The hysteria of the Red Scare in the 1950's is a sad chapter in recent American history. Joe McCarthy was a blowhard and an opportunist, who targeted the innocent along with the merely suspect, and destroyed the careers of honorable people, inside the government and out.
To take one example, it was an article of faith on the Left for many years that the Rosenbergs were railroaded to the electric chair. And likewise, that Alger Hiss was the victim of a smear campaign by the despicable turncoat Whittaker Chambers. The fact that the Hiss case gave legs to Richard Nixon's early political career is only proof positive that the bottom-feeders of the Far Right have no shame, and are happy to use the basest of lies to promote a culture of fear.
Slight cognitive dissonance, here. What gets lost in the shuffle is that Stalin had in fact mounted an enormous clandestine espionage operation inside the United States in the postwar years. Not that McCarthy made a dent in it.
Which brings us to THE HAUNTED WOOD. In 1995, the FBI began to release the declassified transcripts of the Venona intercepts. Venona was a U.S. counterintelligence program that decrypted cable traffic, specifically Soviet agents reporting back to Moscow. The authors of THE HAUNTED WOOD were given access to KGB archives, and cross-collateralized with Venona, they reconstruct a secret world.
There's an obvious question of provenance. To what degree are the KGB documents---or the FBI documents, for that matter---redacted, or sanitized, or doctored? No security service wittingly gives up material that makes them look bad. The answer seems to be that when both versions of the traffic are available---e.g., the original Russian in Moscow's archive, and the FBI translations---the content matches, with only minor differences such as wording, small errors in vocabulary or grammar that would naturally creep in. A non-native Russian speaker (like this writer, for instance) is bound to make some mistakes. In other words, the resulting analysis is trustworthy. The authors haven't been led down the garden path.
THE HAUNTED WOOD makes a hash of the apologists' case. Alger Hiss, for one, was alomst certainly recruited by GRU, Soviet military intelligence, in the 1930's. And the Russians, of course, found other sympathizers among the anti-Fascist Left, particularly after the outbreak of the Spanish Civil War. You could ascribe this to idealism, or naivete, or a thirst for social justice. There were a lot of people on the Left, in the '30's, who saw the rise of Hitler as the handwriting on the wall, nor were they far wrong. It took a willing blindness, though, to see Stalin as a champion of the oppressed, and as time passed, many of these former willing acolytes fell away from the faith. After the arrest of the Rosenbergs, the Moscow intelligence apparat discarded well-intentioned Old Lefties and turned to pros. Rudolph Abel established a spy network out of Brooklyn that lasted nine years before the FBI rolled him up. Soviet illegals, working under deep cover, weren't a fabrication of J. Edgar Hoover's fevered reptile brain.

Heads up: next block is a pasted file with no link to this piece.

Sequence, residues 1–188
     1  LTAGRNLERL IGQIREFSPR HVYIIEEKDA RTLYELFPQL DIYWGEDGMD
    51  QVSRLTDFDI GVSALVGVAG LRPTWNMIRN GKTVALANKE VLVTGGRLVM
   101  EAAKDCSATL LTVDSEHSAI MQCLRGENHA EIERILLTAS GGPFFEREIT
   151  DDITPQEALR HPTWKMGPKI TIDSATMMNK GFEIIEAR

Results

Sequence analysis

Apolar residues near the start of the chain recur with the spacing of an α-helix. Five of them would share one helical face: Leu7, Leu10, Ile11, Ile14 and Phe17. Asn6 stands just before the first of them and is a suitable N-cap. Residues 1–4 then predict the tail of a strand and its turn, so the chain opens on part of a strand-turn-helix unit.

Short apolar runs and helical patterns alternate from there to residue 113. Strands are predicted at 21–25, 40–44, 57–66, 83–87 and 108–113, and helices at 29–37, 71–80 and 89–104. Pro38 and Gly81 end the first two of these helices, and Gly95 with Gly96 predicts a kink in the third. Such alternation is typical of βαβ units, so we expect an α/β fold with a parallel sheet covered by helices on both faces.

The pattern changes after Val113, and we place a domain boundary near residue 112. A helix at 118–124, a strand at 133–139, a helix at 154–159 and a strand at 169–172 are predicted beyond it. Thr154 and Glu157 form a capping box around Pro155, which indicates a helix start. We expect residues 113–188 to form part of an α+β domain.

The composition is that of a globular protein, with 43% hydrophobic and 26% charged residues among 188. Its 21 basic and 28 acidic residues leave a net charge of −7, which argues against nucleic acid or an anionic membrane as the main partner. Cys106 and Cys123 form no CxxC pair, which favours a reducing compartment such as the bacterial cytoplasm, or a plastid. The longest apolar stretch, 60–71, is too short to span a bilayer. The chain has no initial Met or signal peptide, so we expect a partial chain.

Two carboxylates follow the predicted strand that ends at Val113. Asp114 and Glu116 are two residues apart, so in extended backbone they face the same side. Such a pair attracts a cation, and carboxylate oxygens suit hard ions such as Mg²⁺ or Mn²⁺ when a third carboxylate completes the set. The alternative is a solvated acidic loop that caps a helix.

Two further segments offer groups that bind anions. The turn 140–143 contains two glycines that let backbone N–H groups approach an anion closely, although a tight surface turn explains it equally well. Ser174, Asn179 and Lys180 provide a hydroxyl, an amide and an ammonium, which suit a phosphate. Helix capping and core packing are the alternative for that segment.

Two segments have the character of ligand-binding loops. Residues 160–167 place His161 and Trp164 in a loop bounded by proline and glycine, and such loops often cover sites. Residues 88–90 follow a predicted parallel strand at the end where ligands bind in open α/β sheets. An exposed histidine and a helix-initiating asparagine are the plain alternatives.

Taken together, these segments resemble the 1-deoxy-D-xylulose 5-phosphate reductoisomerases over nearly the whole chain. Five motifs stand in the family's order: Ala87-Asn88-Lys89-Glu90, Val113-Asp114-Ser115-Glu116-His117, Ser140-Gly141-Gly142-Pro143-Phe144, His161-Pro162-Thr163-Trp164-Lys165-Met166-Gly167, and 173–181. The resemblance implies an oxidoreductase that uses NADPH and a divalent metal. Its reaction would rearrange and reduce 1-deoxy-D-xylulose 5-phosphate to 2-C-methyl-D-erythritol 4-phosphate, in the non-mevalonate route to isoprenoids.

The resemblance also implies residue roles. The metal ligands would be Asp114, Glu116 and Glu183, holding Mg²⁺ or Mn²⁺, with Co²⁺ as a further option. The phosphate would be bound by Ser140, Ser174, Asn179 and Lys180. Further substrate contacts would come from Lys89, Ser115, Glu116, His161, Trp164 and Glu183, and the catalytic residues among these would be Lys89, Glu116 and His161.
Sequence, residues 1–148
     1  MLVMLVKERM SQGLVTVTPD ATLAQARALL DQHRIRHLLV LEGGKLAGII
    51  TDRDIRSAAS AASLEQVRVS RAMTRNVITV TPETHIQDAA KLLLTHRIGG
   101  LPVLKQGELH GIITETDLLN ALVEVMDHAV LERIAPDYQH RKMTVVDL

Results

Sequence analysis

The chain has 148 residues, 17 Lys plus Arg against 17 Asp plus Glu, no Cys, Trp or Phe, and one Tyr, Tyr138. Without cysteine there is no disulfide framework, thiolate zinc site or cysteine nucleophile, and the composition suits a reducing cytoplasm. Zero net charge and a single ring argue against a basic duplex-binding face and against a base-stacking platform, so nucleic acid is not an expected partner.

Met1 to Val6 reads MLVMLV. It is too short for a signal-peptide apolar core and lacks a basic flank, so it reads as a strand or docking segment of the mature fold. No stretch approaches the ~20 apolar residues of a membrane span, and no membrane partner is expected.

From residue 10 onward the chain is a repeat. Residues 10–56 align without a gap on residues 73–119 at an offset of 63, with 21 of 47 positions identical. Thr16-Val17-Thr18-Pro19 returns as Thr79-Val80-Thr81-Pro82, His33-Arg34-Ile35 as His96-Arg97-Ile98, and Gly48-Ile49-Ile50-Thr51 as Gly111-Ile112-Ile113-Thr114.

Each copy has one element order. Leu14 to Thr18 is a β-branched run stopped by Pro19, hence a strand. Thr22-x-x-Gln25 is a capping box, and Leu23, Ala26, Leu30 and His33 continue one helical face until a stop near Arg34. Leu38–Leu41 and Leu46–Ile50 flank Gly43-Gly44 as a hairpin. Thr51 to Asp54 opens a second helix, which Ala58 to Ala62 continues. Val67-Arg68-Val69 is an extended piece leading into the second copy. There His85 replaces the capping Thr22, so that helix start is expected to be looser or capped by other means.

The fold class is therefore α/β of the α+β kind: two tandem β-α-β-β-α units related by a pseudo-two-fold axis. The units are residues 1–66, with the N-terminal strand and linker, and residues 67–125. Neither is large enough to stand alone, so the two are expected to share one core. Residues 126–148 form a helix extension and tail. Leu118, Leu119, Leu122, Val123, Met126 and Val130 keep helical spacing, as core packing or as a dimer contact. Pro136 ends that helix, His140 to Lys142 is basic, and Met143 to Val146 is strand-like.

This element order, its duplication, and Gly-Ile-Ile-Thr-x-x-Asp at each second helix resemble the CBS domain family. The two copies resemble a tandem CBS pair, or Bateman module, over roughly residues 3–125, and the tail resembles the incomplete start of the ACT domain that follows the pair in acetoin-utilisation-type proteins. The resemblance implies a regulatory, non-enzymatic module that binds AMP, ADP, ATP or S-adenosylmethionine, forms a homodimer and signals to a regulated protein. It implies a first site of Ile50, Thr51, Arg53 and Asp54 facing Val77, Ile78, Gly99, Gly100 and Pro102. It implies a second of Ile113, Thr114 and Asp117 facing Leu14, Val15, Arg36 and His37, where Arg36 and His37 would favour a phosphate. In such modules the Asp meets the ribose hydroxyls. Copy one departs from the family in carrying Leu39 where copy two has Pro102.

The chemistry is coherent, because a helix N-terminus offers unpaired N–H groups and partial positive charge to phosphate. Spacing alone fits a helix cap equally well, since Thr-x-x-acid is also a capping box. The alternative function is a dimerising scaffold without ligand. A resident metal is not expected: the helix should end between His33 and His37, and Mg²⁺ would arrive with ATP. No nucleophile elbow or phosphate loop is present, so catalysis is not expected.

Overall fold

None of this is meant to be an alibi for malignant windbags like McCarthy, or the moral cowardice of his enablers. It's widely accepted that the Red-hunters never exposed a single agent of Communist influence. It was all smoke and mirrors. What they did do was create an abiding climate of mistrust, and enshrine the habit of betrayal. It's not a stretch to say that the hearings themselves, with their odor of Stalin's purge trials, the posturing, the parade of friendly witnesses, the public disgrace of others, and the blacklist, the fruit of a corrupt bargain, did more to damage the American political fabric than any number of actual enemy subversives could have hoped for. It poisoned the well for a generation.
The war in the shadows went on. A long stalemate, between two adversaries who each recognized a genuine threat in the other, and found, it seems, their mirror image. This is not in any way to suggest a moral equivalency, but there's a lesson to be taken from the Cold War. We were looking into the past, and trying to see the future through the wrong end of the telescope.